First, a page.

Fr. Paul Lillie of St. Markʻs Episcopal Church in Honolulu, posted a thoughtful accounting of the General Convention that can be found in its entirety HERE. "Attending General Convention provided me with a vision of the tremendous diversity of our church in all its forms," said Fr. Paul.  He served on the Prayer Book, Liturgy, and Music Legislative Committee, and heard testimony on all the resolutions dealing with this area. The committee was able to make recommendations before going to the House of Bishops and further on for disposition. 

In the closing paragraph of his blog, Fr. Paul eloquently shared, "Perhaps my favorite part of the General Convention was a sermon that our current Presiding Bishop, Katharine Jefferts Schori, delivered. The text for the sermon was Jesus raising the little girl with the words, talitha cum (get up). ʻGet up, girl!ʻ our Presiding Bishop declared. She then reminded us that these words might not be just for that little girl, but rather, they are also for the Episcopal Church. ʻGet up, girl. I'm not done with you yet!ʻ How often has the Episcopal Church been made to think that we are a dying church? Yet we should not allow ourselves to be diminished into a state of hospice ministry. For me General Convention was full of signs of new life. Whether it was marriage equality, our renewed commitment to planting new churches, our efforts to create a society free from racism, or our attention to the minutiae of our worship life, I see much hope. The Episcopal Church is waking up, and that is good news for all of Christianity." 

(Photo at the very top is a panoramic view of the meeting that appeared in Fr. Paulʻs blog, and he is pictured above with a completed ballot; photo taken by Moki Hino.)

Ordinations & Congratulations!

June was a big month for the Diocese of Hawai'i, as Bishop Fitzpatrick ordained two into the Diaconate, and received a priest into The Episcopal Church.

On Saturday, June 13, the Rev. Dcn. Ernesto "JaR" Pasalo, Jr. was ordained to the transitional Diaconate at Good Shepherd Episcopal Church on Maui. JaR recently graduated from Virginia Theological Seminary and returned to his home parish for a fabulous celebration that included song, dance and roast suckling pig!  (Photos from the Good Shepherd Facebook page.)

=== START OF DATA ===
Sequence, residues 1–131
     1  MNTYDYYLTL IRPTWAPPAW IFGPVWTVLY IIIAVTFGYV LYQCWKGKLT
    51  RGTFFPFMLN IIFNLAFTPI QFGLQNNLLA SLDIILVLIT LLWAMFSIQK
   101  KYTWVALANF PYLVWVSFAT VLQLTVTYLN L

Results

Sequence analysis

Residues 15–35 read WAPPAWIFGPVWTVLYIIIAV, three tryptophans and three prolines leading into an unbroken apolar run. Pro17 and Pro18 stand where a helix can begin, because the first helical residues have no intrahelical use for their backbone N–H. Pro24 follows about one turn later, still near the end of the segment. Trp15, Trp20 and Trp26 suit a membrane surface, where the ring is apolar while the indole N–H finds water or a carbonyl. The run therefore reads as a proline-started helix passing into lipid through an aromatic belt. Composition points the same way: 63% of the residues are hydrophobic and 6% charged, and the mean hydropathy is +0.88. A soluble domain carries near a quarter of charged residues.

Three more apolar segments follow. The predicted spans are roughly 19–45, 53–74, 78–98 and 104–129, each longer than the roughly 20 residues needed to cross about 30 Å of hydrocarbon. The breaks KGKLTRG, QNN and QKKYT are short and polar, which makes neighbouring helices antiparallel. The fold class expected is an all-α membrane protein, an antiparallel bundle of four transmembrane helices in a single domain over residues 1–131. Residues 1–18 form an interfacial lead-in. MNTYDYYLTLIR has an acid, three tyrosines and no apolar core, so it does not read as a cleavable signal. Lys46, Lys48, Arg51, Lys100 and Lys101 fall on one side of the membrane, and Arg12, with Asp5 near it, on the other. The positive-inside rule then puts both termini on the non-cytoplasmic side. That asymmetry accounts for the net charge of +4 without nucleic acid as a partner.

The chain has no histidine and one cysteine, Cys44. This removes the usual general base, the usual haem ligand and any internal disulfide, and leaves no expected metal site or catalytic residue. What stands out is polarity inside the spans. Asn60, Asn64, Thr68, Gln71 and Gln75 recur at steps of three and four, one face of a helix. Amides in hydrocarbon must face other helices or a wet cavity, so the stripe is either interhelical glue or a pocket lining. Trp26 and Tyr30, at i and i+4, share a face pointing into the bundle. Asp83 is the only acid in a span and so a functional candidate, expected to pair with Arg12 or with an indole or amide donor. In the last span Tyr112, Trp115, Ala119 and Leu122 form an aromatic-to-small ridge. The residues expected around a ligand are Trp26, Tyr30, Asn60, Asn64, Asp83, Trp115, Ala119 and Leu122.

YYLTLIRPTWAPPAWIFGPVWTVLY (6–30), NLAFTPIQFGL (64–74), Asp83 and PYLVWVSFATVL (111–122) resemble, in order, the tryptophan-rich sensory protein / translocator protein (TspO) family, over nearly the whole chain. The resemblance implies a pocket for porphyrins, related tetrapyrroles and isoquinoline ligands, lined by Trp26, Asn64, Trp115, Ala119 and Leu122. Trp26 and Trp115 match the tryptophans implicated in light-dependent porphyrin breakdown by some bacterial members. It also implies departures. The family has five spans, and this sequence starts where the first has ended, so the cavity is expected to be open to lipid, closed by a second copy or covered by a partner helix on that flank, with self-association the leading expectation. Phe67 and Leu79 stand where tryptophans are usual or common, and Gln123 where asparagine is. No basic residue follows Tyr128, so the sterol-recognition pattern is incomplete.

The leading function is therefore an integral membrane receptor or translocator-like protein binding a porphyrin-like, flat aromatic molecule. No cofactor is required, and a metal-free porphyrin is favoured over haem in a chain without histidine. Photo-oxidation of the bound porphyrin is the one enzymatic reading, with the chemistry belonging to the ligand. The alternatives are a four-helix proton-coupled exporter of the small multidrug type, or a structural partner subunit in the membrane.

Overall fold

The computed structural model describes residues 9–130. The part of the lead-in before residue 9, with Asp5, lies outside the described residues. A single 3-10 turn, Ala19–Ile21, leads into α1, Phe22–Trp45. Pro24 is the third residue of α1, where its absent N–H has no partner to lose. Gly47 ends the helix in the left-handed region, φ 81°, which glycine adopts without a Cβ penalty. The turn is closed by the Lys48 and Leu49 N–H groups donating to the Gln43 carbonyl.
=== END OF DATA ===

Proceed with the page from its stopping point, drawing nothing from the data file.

On Sunday, June 14, the Rev. Dcn. Viliami Langi was ordained to the vocational Diaconate where he will serve at St. Elizabeth's Episcopal Church in Honolulu.  In the St. Elizabeth newsletter, it was noted that "The church had folks spilling out of the aisles, the music required extra support pillars lest the roof give way, and the party after made the front page of the New York Times society page!"  It was a blessed occasion with Diocesan Missioner, Fane Lino, close at hand.  Her husband, the late Fr. Saimone Lino, had planted the seeds before an untimely death in 2012, and those seeds have now blossomed.  (Photos and excerpts from the St. Elizabeth Vine & Branches.)

During the June 14 service, the Bishop also received the Rev. Raymond Woo, a cradle Anglican who moved to Rome and became a Roman Catholic Jesuit priest.  Rev. Woo has now been received into The Episcopal Church as a priest to serve in the Diocese of Hawai'i.  (Photo contributed by Raymond Woo.)

Congratulations to all!


Our Youth
Aloha & Mahalo from Sarah
By Sarah Klitzke, Diocesan Youth Director

This article was submitted shortly after Hui Pu, the Diocesan summer youth camp, that ended on July 10, and was Sarah's final youth event as the Diocesan Youth Director before her departure to Texas:


Sarah Klitzke New adventures can be exciting, but I leave Hawai'i for Dallas, TX, this week with a heart heavy from sadness. I transition to a new home knowing that I am closing a chapter of my life that I have loved and a lay ministry that has been fulfilling and meaningful. This Diocese has incredible youth, and they have been a blessing to me in my work. The cooperation and collaboration of this Diocese in the past two and a half years to bring our youth into the spotlight and encourage deep faith formation has been immeasurable.